The fraudulent mortgages led to a spiral of ever-upward house prices, which enabled borrowers to borrow even more, pushing up house prices. This is known as a house-price bubble. Eventually the bubble bursts, when people are no longer able to pay for such expensive homes. House prices in many places dropped rapidly, so many people had mortgages that were greater than the value of their properties (negative equity). Some banks suffered losses so great that they were effectively bankrupt. Banks stopped lending, even to each other. Many people were removed from their homes, and others were unable to move house. Businesses could not borrow to finance their activities. Many businesses went bust, and many jobs were lost.(8)
Former bank employees have admitted that what they did before the crisis was to steal other people’s money. A former Goldman Sachs trader, Greg Smith, admitted that his bosses described clients as “muppets” to be “ripped off”.(9) Bill Black has explained that all regulatory agencies were complicit in failing to properly regulate the banks.(10) They knew about the different frauds and how to stop them, but chose not to do so.
The frauds described above are just the tip of the iceberg. Since the crisis, the banks have been involved in a wide array of criminal and unethical behaviour. They repeatedly commit fraud on an industry-wide scale.(11) They have sold numerous products that were unsuitable for their clients, and they regularly try to manipulate markets, using all manner of complex schemes, such as placing fake orders. In 2014 British and US banks were fined £2.6 billion for rigging money-markets.(12) US banks have been fined billions of dollars for breaking rules related to terrorism, tax evasion and accounting fraud.(13) These fines sound large, but they are not sufficient to deter criminal behaviour. In 2020, the total amount of fines related to money-laundering was $10 billion.(14) The individuals who run these institutions are hardly ever prosecuted.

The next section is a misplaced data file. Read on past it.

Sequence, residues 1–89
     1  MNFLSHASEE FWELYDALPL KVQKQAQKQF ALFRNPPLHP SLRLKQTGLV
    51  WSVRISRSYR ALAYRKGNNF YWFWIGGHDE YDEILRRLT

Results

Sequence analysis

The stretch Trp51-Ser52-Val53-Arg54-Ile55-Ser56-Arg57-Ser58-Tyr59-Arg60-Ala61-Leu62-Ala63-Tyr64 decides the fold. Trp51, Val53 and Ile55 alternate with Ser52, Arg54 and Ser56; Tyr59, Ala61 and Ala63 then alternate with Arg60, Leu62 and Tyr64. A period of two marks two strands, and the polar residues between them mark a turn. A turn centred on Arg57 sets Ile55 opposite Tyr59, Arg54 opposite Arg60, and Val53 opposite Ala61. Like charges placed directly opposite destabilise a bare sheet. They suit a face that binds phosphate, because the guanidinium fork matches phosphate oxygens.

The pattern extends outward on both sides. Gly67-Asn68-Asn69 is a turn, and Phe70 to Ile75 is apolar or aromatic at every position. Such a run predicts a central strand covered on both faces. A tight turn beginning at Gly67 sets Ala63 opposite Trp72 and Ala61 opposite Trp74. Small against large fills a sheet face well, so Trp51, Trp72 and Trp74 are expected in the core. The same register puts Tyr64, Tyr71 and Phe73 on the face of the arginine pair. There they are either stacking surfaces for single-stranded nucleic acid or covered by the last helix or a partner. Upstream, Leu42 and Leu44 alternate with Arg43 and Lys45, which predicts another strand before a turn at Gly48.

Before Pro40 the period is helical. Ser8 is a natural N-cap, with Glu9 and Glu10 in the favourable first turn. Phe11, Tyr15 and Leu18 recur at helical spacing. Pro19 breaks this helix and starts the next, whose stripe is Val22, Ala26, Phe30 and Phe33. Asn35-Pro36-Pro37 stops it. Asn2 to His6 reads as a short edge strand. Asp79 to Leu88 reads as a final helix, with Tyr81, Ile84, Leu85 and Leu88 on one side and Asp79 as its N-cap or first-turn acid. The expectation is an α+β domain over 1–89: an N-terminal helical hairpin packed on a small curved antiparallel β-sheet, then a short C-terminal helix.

Complexity, Contagion and Systemic Risk
The banks employ armies of lawyers and accountants to re-structure their businesses and their accounts.(15) This is sometimes called legal and financial engineering. The scale and complexity of their operations is so great that no individual has any idea of the overall situation, and no one understands how precarious their financial position is. During the crisis, it turned out that the whole financial system was so complex and interconnected that it created a form of contagion. When some banks went bust, others were technically bankrupt too. What had started as a problem with sub-prime mortgages rippled around the world, de-stabilising the economies of many countries.
Too Big To Fail: Profits for the few, losses for the many
Many of the biggest financial companies in Britain and the US, such as Bear Stearns, Lehman Brothers, and Northern Rock, were involved in these activities. These banks are considered to be so important to the economy, or ‘too big to fail’, that governments believe they have to rescue them when things go wrong. This is known as a bailout. The bailout was much larger than most people realize. In November 2011, secret information became available showing that the total size of the US bailout was at least $7.7trillion.(16) The banks and the regulators repeatedly lied to cover up how unstable the situation had become. The bailout money has not been used to reduce the debts of ordinary people or to finance activity in the real economy. It was given to the banks, and it has ended up increasing the wealth of the super-rich.